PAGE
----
The Big East Conference also has five affiliate schools, each of which only competes in one sport in the conference. Old Dominion University, Temple, Liberty University, and Quinnipiac University are all affiliate members that compete in field hockey. The fifth affiliate school, the University of Denver, competes in Big East men’s and women’s lacrosse.
List of Big East Teams By Division
- Butler University (Butler Bulldogs)
- University of Connecticut (UConn Huskies)
- Creighton University (Creighton Bluejays)
- DePaul University (DePaul Blue Demons)
- Georgetown University (Georgetown Hoyas)
- Marquette University (Marquette Golden Eagles)
- Providence College (Providence Friars)
- St. John’s University (St. John’s Red Storm)
- Seton Hall University (Seton Hall Pirates)
- Villanova University (Villanova Wildcats)
- Xavier University (Xavier Musketeers)
- University of Denver (Denver Pioneers - men’s and women’s lacrosse)
- Liberty University (Liberty University Lady Flames - field hockey)
- Old Dominion University (Old Dominion Lady Monarchs - field hockey)
- Quinnipiac University (Quinnipiac Bobcats - field hockey)
- Temple University (Temple Owls - field hockey)
What is the Big East?
The Big East is an NCAA Division I non-football athletic conference made up of 11 full-time member schools concentrated in the Northeastern and Midwestern United States. The Big East Conference is known for basketball excellence. The conference was founded in 1979 by seven Catholic universities with the goal of promoting high-level collegiate basketball competition. The Big East was a basketball powerhouse throughout the 1980s. After adding football programs in the 1990s and 2000s, the conference split in 2012. At that time, a new Big East Conference formed around the remaining non-football schools with a renewed emphasis on basketball.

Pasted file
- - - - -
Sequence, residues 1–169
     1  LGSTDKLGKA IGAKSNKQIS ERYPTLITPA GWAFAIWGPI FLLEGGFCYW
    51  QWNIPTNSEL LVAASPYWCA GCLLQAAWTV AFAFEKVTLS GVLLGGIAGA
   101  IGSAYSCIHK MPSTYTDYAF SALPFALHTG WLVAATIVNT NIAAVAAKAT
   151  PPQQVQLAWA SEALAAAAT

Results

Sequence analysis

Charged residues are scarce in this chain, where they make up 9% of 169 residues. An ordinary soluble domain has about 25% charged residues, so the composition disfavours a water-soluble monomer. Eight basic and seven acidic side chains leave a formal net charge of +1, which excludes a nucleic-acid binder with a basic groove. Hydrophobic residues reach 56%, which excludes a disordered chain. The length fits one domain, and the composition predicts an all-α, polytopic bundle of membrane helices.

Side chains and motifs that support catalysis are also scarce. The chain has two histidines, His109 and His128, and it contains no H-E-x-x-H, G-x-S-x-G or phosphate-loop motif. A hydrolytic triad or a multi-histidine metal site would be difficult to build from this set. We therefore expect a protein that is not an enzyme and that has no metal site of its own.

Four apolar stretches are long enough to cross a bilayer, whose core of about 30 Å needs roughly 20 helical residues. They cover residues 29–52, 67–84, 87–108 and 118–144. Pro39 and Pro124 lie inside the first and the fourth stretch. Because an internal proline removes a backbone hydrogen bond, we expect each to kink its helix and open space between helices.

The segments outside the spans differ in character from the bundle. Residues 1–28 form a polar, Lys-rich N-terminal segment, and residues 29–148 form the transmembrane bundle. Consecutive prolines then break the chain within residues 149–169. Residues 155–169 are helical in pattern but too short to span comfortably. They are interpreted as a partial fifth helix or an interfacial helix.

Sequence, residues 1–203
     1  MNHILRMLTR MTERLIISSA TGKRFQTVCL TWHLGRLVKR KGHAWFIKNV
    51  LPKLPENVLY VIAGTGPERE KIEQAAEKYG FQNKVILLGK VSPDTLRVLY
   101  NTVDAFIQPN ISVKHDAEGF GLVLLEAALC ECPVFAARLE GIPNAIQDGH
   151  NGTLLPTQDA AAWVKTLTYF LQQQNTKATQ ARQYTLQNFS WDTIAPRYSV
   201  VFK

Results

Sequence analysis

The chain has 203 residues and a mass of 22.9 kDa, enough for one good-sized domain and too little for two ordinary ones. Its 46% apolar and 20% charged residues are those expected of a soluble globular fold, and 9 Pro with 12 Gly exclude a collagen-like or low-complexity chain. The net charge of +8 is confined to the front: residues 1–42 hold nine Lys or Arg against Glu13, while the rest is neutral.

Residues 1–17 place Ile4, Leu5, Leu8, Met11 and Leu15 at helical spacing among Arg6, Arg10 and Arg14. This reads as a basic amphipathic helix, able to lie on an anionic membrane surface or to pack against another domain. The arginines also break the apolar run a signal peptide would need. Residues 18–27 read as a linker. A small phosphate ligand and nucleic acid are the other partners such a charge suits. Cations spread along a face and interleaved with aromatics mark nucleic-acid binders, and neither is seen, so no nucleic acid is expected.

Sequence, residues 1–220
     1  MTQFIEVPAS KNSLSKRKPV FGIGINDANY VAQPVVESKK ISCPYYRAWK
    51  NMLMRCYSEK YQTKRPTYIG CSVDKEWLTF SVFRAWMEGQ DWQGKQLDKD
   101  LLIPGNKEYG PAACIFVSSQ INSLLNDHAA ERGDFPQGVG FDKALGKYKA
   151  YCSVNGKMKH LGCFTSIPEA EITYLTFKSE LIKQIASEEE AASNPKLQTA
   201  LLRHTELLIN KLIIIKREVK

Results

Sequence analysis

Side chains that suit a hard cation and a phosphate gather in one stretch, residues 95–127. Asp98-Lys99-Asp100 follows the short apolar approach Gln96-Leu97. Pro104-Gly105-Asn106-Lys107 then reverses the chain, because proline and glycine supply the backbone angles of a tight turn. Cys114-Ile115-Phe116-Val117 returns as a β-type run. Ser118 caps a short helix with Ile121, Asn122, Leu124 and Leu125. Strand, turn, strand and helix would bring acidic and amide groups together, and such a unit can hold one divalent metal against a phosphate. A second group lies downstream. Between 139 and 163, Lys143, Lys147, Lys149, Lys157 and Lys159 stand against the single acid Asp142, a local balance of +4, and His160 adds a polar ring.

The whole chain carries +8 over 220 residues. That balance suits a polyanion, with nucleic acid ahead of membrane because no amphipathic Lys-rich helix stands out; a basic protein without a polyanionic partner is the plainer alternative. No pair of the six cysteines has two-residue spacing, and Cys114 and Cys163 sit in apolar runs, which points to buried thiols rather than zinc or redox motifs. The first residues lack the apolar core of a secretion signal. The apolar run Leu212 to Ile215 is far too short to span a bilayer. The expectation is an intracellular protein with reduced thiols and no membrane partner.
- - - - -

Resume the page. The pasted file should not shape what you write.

How many teams are in the Big East?
There are 11 full-time schools in the Big East conference, with an additional five schools as affiliate members. The all-sports members are DePaul, Georgetown, Marquette, Providence, St. John's, Seton Hall, Villanova, Butler, Creighton, Xavier, and UConn. Affiliate schools Old Dominion, Temple, Liberty, and Quinnipiac each have a field hockey team. Lastly, the University of Denver has a men’s and women’s lacrosse team. There are 109 women’s teams and 84 men’s teams, representing 12 women’s sports and 10 men’s sports, for a total of 193 teams in the Big East.
What programs left the Big East during realignment?
West Virginia, Pittsburgh, Syracuse, Notre Dame, Louisville, and Rutgers all left the conference during realignments that occurred throughout the NCAA in the early 2010s. The first team to leave the Big East was West Virginia, which departed for the Big 12 in 2012, following the announcement that the “Catholic Seven” intended to split away and form their own non-football conference. Pittsburgh, Syracuse, and Notre Dame departed to the ACC in 2013, as did Louisville in 2014. Rutgers also left in 2014, going to the Big Ten.